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Subtropical Storm Alberto has gained an early jump on the 2018 hurricane season, heading toward expected landfall sometime Monday on the northern Gulf Coast, prompting thousands to evacuate.

The storm is the first storm of this year's hurricane season, coming a few day before the season officially starts on June 1. But this is nature.

The counterclockwise spin of Alberto and the clockwise rotation of a high-pressure system in the Atlantic are combining to bring moisture northward into the Triangle, said Kathleen Carroll, a meteorologist at the weather service office in Raleigh.

The moisture pouring northward coincides with Subtropical Storm Alberto, which approached the Florida Panhandle from the Gulf on Monday morning with sustained winds of up to 65 miles per hour.

Alberto, the first named Atlantic storm of 2018 which spun up days before the formal start of the hurricane season, is forecast to pack maximum sustained winds near 50 miles per hour (85 kph) and dump as much as 12 inches (30 cm) of rain, slamming an area from MS to western Georgia, it said. The storm prompted Florida, Alabama and MS to launch emergency preparations over the weekend.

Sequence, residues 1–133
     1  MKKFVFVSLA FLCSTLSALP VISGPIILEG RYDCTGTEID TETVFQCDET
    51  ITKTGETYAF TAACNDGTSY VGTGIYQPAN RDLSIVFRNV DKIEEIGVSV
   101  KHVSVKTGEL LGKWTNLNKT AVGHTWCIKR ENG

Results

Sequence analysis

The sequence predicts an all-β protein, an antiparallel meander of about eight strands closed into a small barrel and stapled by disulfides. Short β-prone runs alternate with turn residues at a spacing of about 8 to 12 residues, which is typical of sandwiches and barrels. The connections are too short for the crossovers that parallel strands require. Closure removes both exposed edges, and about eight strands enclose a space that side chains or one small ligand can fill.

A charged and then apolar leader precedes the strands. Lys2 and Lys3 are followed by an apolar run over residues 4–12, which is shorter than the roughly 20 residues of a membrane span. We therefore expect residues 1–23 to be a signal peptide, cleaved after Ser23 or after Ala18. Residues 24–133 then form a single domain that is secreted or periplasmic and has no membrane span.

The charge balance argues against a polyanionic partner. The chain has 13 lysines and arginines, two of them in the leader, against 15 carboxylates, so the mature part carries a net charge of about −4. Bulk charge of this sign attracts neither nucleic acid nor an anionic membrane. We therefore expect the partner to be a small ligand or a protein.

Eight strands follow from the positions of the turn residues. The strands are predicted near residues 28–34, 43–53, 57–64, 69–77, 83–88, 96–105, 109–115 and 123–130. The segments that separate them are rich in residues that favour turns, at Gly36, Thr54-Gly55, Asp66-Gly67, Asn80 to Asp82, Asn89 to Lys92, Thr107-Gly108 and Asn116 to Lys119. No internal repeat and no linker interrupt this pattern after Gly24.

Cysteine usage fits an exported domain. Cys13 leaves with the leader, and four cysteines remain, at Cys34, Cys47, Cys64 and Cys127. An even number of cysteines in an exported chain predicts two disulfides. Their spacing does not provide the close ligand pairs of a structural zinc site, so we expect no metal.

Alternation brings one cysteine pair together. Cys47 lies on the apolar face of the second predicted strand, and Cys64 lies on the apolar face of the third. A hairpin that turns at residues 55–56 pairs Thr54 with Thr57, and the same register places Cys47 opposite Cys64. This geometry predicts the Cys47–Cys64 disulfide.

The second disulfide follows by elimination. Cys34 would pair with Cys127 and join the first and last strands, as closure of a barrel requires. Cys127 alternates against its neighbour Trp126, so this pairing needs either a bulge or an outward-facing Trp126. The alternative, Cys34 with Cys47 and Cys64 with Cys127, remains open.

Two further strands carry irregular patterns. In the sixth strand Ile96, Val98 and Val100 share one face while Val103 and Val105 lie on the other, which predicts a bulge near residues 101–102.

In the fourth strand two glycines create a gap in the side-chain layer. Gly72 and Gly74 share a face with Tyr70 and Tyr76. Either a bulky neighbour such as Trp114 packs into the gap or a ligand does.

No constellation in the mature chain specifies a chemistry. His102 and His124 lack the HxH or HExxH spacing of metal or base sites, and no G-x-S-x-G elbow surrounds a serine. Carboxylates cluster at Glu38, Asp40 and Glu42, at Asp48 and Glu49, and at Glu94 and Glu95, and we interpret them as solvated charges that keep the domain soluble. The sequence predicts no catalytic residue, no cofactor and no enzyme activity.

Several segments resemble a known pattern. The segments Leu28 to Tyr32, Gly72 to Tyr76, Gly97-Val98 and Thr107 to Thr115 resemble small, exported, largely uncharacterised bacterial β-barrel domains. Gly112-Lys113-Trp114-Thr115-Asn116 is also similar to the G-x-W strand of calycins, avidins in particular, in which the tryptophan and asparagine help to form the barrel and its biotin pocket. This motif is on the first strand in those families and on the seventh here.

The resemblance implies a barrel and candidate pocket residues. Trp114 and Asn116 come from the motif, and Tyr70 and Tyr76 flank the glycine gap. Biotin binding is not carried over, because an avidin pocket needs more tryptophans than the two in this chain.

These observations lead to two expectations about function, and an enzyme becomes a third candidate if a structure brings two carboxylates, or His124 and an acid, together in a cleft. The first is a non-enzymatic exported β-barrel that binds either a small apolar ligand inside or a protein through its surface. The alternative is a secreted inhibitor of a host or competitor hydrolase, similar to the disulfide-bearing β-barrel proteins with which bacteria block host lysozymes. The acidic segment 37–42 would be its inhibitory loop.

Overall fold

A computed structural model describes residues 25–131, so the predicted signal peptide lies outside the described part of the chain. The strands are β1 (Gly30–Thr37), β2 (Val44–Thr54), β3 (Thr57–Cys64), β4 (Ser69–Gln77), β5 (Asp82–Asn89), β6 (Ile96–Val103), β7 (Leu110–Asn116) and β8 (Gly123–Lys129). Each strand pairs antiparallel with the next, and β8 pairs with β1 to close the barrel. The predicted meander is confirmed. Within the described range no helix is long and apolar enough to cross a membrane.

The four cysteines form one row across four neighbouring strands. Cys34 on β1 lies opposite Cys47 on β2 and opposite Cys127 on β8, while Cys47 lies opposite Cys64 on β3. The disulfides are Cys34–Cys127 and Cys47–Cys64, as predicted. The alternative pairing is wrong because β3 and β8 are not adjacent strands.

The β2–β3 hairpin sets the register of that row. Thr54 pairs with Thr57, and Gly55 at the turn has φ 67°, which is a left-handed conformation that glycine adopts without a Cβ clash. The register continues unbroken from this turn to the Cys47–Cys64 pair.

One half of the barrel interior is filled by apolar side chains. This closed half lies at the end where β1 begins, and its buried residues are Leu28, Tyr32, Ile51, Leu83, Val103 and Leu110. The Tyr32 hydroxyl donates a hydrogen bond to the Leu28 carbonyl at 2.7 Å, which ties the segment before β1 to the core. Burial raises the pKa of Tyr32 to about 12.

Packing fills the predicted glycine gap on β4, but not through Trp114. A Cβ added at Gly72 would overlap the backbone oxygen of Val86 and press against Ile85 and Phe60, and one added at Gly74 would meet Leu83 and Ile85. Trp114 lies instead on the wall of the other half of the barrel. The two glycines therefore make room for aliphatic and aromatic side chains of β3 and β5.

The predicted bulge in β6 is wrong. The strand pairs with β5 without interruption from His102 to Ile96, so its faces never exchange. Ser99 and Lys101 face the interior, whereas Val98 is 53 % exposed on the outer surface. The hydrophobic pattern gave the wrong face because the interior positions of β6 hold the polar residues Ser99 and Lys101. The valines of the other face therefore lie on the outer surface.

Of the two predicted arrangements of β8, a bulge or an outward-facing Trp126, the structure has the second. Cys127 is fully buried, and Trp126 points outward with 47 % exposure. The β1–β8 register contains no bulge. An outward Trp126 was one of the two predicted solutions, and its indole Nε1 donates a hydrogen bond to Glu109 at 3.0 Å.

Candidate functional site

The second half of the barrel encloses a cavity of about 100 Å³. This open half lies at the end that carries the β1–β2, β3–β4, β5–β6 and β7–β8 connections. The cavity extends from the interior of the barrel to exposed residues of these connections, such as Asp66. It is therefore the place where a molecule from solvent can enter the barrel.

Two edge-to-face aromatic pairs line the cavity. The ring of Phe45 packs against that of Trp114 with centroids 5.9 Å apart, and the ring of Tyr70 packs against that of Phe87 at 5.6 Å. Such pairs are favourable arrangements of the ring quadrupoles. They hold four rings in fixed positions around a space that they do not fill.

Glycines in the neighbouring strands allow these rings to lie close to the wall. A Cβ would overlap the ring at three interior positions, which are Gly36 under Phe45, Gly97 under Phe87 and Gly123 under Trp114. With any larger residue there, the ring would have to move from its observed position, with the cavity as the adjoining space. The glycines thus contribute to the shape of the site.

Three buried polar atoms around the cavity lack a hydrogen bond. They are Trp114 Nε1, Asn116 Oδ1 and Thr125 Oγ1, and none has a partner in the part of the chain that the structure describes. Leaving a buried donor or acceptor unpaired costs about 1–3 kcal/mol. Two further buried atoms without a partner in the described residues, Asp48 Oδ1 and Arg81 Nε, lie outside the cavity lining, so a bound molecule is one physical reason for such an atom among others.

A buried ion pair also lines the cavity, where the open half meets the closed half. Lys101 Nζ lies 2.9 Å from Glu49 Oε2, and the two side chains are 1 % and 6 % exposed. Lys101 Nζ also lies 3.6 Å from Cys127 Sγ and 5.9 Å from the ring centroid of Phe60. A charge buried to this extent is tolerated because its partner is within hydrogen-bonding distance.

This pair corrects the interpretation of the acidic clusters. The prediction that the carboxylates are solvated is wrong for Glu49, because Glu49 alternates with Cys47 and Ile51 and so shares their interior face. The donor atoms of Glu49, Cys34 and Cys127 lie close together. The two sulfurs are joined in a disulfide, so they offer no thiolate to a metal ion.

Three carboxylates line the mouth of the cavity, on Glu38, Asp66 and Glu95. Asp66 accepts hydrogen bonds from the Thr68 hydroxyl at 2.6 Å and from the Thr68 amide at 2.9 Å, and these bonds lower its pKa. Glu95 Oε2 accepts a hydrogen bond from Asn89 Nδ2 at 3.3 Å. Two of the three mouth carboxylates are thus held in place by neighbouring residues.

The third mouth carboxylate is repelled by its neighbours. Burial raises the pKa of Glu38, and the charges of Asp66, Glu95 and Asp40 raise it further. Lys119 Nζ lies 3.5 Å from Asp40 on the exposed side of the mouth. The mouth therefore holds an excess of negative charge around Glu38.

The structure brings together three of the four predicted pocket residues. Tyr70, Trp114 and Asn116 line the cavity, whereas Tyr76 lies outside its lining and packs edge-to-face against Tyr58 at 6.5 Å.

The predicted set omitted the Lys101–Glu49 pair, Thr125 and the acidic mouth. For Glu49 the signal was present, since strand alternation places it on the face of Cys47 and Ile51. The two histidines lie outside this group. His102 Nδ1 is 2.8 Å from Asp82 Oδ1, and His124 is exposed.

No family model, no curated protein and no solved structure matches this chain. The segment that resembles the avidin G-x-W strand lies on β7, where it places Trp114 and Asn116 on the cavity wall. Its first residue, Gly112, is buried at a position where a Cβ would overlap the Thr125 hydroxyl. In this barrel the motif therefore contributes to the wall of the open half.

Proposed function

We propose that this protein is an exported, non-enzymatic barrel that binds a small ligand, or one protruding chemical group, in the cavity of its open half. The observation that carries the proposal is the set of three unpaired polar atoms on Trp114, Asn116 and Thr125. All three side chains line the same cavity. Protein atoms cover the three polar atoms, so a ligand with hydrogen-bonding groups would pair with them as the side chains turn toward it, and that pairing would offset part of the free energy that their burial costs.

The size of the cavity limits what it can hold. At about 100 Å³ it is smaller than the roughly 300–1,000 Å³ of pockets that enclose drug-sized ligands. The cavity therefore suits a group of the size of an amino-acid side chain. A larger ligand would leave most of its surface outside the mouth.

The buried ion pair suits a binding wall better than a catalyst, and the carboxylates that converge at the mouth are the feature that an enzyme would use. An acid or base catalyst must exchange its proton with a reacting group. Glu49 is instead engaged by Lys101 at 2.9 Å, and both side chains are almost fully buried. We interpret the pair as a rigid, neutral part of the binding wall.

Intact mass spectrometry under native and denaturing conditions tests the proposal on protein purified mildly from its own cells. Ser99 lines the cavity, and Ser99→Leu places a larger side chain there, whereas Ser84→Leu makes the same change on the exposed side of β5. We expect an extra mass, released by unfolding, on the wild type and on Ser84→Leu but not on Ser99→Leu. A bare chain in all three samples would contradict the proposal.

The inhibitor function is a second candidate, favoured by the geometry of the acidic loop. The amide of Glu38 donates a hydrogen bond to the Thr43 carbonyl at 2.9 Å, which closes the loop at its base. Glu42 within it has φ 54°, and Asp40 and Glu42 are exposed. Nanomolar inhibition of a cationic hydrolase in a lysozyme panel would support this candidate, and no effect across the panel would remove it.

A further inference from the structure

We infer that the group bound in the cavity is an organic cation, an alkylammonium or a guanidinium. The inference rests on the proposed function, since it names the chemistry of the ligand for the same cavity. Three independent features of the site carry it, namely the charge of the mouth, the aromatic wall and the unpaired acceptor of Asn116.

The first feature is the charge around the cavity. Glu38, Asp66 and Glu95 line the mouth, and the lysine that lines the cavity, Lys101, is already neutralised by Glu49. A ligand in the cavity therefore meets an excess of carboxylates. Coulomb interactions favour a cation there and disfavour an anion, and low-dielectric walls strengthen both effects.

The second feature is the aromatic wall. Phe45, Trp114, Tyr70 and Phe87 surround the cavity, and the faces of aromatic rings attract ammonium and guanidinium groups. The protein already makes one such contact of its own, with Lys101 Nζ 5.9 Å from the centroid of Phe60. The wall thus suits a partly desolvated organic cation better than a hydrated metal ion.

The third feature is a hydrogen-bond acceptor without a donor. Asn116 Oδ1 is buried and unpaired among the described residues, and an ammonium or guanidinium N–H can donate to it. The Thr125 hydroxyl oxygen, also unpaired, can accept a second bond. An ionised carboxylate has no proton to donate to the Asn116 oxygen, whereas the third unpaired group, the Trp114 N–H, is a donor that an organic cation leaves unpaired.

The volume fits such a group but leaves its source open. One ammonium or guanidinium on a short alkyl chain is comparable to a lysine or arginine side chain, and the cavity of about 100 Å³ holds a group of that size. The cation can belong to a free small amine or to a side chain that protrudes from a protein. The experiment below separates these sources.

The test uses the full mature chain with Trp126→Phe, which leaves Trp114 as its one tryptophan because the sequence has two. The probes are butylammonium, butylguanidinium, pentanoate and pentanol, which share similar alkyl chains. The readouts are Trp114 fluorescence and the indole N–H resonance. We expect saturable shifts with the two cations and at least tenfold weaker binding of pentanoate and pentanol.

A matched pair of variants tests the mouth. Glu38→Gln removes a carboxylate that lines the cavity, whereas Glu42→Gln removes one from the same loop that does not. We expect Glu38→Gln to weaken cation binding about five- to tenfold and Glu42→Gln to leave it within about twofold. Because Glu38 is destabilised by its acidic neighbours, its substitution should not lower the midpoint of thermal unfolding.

A Storm Surge Watch is in effect for Crystal River to Navarre, Florida. Just because it's "nice and sunny" after the storm passes, Medlin says there's still a risk for swimmers.

Our weather today will have periods of rain, some will be heavy at times.

Rick Scott (R) also declared a state of emergency in all of the state's 67 counties on Saturday. Alberto's heavy rains and and gusty winds remain predominantly on the right side of the storm, and therefore heavy rain and some gusty winds are expected across much of Florida Sunday.

Pasco County is now under a Tropical Storm Warning.

At the moment its growth is being hindered by strong winds in the upper atmosphere, but as the storm tracks northwards these winds are expected to ease, allowing the storm to complete its transition into a fully tropical system. Onshore areas along the coast also account for about 45 percent of US refining capacity and 51 percent of gas processing.

Are Alberto and Lee the only two subtropical storms to hit the U.S.? Subtropical storms can develop into tropical storms, which in turn can strengthen into hurricanes.

The rain will continue from Monday evening, overnight, into Tuesday morning. Warnings about storm surges and high surf were aired along the coast on either side of Apalachicola on Monday.

The early storm doesn't necessarily mean it will be a busier-than-usual hurricane season though.


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